Norris is probably at the height of his value, so it is a good time to sell, but he’s not going to net a top-tier prospect. So you have to look at things realistically. But it could certainly be the case that we’ve seen him throw his last game as a Houston Astro.

2012/13 Offseason: Bullpen

A bullpen is a funny thing. In theory, it’s the easiest thing to put together in baseball: A collection of pitchers, none of them good enough to start. A lefty specialist, a spot starter, a couple high-leverage guys, an innings eater.

But they’re also unpredictable. You can grab all the best relievers in baseball, put them in the same bullpen, and end up with mush.

It’s hard to quantify what makes a good bullpen.

The Cincinnati Reds had arguably the best bullpen in baseball in 2012 – opponents hit just .219 against them. The collective bullpen ERA was 2.65. They led the majors in saves (56). They had the eighth-most strikeouts in baseball (478). They had the third-most wins in baseball (31). All in hitter-friendly Great American Ballpark.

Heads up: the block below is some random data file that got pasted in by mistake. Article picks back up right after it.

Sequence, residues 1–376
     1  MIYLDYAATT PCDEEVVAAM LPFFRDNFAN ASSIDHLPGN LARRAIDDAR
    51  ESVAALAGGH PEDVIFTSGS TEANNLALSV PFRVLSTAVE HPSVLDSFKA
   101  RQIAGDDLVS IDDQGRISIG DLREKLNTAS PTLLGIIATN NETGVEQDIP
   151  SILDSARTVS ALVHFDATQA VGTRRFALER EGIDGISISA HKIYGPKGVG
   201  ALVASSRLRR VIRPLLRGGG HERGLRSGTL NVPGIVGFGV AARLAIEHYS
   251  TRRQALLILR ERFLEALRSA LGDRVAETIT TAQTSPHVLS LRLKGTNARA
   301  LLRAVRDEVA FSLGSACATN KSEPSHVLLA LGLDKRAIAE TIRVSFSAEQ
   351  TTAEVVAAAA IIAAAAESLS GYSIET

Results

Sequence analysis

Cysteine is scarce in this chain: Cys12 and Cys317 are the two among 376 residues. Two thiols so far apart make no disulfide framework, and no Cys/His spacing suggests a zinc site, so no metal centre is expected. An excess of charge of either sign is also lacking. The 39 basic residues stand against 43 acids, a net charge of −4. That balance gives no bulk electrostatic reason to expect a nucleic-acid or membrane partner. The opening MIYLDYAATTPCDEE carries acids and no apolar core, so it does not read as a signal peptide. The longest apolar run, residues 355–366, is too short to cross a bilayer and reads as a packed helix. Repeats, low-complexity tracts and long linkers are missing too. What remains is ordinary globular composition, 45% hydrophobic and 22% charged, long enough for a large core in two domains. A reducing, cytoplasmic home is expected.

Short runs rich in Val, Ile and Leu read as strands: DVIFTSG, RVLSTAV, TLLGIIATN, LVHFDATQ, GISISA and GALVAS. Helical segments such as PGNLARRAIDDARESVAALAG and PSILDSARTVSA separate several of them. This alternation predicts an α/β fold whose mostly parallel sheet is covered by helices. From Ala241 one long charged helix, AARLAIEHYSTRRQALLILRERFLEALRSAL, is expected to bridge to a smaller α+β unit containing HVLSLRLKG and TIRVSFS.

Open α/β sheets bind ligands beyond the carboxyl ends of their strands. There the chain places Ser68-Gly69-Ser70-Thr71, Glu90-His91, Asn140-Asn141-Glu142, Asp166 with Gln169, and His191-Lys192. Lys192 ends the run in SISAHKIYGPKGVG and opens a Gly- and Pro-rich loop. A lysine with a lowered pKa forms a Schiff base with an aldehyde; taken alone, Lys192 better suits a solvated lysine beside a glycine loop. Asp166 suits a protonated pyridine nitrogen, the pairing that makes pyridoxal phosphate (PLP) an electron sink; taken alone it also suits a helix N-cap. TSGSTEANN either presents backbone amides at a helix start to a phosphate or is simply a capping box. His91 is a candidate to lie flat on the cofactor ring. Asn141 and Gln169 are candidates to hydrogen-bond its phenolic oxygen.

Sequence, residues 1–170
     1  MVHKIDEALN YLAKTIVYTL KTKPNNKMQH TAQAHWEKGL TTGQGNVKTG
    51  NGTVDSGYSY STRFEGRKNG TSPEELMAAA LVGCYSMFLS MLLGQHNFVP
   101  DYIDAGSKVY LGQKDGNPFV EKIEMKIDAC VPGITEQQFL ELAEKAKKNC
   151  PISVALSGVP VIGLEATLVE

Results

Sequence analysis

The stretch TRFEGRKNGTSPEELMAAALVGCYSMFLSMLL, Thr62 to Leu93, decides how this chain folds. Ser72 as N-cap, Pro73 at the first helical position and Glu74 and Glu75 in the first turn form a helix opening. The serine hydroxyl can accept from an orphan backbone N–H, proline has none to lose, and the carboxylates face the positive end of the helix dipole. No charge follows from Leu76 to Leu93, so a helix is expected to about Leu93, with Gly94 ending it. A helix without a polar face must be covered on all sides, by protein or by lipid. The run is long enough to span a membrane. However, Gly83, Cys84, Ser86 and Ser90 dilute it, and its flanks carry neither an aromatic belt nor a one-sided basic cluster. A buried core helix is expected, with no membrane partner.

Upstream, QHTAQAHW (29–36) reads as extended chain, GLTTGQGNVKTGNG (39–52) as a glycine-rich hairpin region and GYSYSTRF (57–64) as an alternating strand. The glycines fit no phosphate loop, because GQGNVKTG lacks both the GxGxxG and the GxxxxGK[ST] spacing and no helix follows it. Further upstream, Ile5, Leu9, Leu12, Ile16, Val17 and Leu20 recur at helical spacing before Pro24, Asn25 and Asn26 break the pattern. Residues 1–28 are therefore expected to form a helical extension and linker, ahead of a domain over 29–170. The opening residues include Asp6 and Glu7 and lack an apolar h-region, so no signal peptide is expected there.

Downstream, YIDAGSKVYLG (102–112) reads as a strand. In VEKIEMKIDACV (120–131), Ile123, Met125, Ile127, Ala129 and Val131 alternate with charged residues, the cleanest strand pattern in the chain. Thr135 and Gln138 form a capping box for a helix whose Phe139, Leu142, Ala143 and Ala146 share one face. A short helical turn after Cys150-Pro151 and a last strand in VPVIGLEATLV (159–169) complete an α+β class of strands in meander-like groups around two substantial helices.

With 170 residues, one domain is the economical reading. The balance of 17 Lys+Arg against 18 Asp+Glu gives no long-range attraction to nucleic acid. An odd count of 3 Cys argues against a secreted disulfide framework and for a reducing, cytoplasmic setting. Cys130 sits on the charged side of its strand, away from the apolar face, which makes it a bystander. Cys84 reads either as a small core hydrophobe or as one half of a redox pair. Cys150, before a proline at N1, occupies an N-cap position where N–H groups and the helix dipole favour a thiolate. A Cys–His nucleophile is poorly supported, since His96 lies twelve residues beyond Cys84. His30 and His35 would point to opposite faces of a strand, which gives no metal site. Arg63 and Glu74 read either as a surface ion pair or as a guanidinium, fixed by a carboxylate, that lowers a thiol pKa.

And this is a bullpen that featured Aroldis Chapman, Sean Marshall, Jose Arredondo, Sam LeCure, Logan Ondrusek, Alfredo Simon, J.J. Hoover, Jonathan Broxton, and a handful of innings from guys like Bill Bray and Todd Redmond.

With the exception of Chapman and Broxton, none of these guys were exactly household names prior to 2012. Broxton himself seemed pretty far removed from his 2007-09 form, having posting -0.6 bWAR for the Dodgers in 2011. Arguably the best reliever on the squad was Marshall, who had more than 1 win above replacement every year since 2007. Along with Bray (0.8), he was the only reliever in the Cincinnati bullpen who had had 0.5+ WAR in 2011.

So, then, where did all of the success come from in 2012?

Bullpens can be a bit of a mystery in that way. The Reds didn’t make any big free-agent splashes in the bullpen in the offseason (though they did trade Travis Wood, Dave Sappelt, and Ronald Torreyes for Marshall). They traded for Broxton in July, but they already had the best bullpen in baseball by then.